Unless limited by court order both custodial and noncustodial parents ALWAYS have the right to:
- receive information from the other parent about the health, education, and welfare of the child;
- confer with the other parent to the extent possible before making a decision concerning the health, education, and welfare of the child;
- access medical, dental, psychological, and educational records of the child;
- consult with a physician, dentist, or psychologist of the child;
- consult with school officials concerning the child’s welfare and educational status, including school activities;
- attend school activities;
- be listed on the child’s records as an emergency contact;
- consent to medical, dental, and surgical treatment during an emergency involving an immediate danger to the health and safety of the child; and
- manage the estate of the child to the extent the estate has been created by the parent or the parent’s family.
You also have the duty (requirement) at all times to inform the other parent of any important information regarding the child’s health, education, and welfare. Unless you have requested confidentiality or that a family violence indicator be placed on your case, court orders require parents to share information with each other regarding their child’s health, education, and welfare. Things that you should ALWAYS tell the other parent include:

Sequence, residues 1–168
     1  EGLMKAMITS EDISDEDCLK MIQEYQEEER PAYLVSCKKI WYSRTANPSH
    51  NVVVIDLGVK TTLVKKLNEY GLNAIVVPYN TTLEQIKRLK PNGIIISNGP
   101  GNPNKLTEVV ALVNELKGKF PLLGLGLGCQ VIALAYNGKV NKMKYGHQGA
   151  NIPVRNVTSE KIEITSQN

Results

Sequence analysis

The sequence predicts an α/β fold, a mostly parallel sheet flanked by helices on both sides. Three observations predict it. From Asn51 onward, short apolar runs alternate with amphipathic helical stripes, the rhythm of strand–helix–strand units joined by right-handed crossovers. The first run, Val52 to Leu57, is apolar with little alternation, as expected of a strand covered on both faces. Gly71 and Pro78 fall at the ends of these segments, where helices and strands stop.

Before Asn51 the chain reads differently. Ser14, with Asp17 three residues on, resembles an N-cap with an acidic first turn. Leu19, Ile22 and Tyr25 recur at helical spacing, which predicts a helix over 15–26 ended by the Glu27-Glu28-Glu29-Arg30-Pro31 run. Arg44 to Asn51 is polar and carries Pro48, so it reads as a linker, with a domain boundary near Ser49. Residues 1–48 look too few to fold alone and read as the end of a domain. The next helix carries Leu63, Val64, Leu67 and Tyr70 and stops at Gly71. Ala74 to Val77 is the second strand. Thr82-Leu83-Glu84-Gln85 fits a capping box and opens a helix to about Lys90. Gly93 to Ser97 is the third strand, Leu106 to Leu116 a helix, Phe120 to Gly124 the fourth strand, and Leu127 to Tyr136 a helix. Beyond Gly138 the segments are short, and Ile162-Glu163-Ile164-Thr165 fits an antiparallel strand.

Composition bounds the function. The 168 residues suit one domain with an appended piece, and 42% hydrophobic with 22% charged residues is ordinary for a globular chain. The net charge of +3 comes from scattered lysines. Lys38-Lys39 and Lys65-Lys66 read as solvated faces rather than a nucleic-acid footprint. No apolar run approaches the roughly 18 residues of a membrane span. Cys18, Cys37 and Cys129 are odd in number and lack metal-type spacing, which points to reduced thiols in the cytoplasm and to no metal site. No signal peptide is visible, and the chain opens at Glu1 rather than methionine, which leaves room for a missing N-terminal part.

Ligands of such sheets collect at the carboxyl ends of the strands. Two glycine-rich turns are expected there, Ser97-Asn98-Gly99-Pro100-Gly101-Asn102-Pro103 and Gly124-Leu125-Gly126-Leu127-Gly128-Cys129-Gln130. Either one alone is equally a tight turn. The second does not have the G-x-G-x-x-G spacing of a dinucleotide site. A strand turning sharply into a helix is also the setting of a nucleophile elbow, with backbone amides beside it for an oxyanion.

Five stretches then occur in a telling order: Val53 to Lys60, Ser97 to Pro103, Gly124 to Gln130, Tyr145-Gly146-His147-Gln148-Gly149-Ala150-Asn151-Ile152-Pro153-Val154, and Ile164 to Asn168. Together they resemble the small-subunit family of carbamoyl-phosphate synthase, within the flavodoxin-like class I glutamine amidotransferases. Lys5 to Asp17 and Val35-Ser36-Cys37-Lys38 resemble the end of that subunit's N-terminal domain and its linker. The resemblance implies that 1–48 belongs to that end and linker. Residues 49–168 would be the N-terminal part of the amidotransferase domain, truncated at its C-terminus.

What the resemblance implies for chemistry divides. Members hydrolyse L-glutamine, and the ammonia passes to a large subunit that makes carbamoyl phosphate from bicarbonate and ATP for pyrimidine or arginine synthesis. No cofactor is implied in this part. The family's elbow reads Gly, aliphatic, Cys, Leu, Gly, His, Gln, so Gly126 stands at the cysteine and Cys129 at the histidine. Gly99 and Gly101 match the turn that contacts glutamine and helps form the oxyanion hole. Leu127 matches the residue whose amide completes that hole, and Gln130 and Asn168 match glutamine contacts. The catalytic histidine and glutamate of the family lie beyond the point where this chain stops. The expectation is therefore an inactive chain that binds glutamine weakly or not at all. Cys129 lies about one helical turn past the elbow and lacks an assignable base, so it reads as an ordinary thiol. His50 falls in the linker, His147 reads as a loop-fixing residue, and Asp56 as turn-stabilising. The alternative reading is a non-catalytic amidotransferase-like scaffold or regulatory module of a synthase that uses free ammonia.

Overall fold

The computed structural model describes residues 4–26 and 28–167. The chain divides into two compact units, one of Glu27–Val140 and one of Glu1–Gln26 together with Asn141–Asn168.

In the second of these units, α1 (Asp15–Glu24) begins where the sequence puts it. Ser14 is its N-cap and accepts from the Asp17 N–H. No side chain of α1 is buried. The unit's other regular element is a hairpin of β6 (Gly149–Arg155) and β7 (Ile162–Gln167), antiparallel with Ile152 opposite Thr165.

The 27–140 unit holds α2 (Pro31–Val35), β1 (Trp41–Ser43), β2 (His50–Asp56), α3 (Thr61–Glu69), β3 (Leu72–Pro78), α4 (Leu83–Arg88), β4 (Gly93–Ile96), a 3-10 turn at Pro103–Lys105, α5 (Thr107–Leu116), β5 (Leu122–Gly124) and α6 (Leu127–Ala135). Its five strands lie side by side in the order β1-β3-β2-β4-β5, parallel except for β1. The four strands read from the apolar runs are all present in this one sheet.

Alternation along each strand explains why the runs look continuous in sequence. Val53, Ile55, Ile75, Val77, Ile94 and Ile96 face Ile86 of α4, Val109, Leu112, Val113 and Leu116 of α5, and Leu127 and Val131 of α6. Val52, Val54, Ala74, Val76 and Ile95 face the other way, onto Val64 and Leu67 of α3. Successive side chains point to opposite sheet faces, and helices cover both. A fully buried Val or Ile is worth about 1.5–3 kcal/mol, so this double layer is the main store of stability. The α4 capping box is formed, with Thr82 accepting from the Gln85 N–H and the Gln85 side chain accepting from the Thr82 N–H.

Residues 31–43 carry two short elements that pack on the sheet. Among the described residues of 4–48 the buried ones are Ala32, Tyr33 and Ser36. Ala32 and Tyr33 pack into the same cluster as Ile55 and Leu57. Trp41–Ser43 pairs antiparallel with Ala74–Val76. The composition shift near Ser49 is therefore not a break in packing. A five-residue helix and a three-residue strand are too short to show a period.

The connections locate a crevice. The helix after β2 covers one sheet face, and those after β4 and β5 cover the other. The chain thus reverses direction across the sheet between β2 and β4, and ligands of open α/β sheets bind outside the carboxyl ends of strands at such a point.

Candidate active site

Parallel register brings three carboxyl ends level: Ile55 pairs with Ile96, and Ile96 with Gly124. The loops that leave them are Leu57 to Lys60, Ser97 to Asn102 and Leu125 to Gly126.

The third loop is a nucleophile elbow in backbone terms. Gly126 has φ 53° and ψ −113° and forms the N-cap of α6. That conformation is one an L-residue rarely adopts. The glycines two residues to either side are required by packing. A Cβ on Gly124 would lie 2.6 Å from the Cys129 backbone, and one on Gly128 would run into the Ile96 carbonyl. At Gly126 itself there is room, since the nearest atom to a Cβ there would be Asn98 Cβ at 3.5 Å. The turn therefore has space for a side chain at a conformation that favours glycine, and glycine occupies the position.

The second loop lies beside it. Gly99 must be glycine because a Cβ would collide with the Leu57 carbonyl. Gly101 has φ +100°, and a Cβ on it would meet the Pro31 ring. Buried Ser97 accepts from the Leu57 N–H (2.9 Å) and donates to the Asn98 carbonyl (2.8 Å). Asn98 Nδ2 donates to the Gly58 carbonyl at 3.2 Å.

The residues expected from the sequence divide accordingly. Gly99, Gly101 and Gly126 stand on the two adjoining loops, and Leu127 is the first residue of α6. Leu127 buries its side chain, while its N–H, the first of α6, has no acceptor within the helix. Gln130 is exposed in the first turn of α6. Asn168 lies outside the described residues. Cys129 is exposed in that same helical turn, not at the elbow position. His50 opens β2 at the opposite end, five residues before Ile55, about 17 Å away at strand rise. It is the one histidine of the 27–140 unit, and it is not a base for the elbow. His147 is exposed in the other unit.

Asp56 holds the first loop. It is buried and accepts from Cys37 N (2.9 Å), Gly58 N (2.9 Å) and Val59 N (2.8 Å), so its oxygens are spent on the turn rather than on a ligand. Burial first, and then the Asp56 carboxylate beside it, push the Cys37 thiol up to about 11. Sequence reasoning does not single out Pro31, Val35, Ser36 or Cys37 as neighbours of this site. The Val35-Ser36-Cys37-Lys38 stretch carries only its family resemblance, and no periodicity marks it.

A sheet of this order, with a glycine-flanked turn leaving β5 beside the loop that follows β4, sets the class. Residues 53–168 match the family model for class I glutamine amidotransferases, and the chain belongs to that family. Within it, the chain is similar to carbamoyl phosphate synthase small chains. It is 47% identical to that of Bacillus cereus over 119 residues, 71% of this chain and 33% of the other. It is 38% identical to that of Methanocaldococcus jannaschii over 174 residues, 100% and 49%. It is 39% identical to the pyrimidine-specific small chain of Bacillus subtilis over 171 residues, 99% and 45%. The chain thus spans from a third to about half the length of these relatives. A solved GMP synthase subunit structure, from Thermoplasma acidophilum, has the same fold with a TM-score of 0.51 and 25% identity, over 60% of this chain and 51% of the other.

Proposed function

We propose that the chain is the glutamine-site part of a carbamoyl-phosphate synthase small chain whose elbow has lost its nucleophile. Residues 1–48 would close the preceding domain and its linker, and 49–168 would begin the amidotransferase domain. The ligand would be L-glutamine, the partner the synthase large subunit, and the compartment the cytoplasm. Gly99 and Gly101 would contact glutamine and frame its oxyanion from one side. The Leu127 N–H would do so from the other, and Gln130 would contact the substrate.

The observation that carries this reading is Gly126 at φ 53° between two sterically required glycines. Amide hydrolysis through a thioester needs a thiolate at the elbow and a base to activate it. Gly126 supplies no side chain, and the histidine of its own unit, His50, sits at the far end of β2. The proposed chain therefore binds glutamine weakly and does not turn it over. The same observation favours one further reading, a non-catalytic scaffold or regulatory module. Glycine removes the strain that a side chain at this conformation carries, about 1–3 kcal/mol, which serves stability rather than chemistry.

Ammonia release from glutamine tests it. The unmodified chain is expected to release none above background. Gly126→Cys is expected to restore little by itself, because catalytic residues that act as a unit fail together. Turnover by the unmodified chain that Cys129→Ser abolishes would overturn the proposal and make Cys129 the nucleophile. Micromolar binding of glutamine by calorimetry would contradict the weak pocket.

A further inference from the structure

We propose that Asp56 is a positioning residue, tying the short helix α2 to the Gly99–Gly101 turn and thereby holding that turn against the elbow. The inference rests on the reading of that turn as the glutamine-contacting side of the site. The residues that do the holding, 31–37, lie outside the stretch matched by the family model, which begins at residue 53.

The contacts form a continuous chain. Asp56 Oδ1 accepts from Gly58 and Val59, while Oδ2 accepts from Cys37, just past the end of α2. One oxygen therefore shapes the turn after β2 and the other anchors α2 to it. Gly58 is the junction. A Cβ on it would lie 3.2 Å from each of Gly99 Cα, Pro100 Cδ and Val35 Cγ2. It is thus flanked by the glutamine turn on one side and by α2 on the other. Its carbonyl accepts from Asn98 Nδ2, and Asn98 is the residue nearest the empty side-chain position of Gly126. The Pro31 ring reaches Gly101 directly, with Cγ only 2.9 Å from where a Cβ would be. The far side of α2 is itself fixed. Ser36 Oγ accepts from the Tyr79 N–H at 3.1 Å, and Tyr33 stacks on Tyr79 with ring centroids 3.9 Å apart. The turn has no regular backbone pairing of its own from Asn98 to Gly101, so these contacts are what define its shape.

- If you move, your new address (not doing this is a contemptible offense)
- If you change your phone number (not doing this is a contemptible offense)
- If you are married to or intend to marry a person who you know is a registered sex offender (not doing this is a Class C misdemeanor)
These requirements to share information apply to parents named in the order. You are not required to give your address if:
- there was a history of domestic violence; AND
- your court order does not require you to give your information.
- The court order may specifically state that the other parent has no right to know your address.
Each of these rights and duties will be outlined in your order. If anyone questions your right to information, such as your child’s medical records, take a copy of your court order with you to the doctor’s office.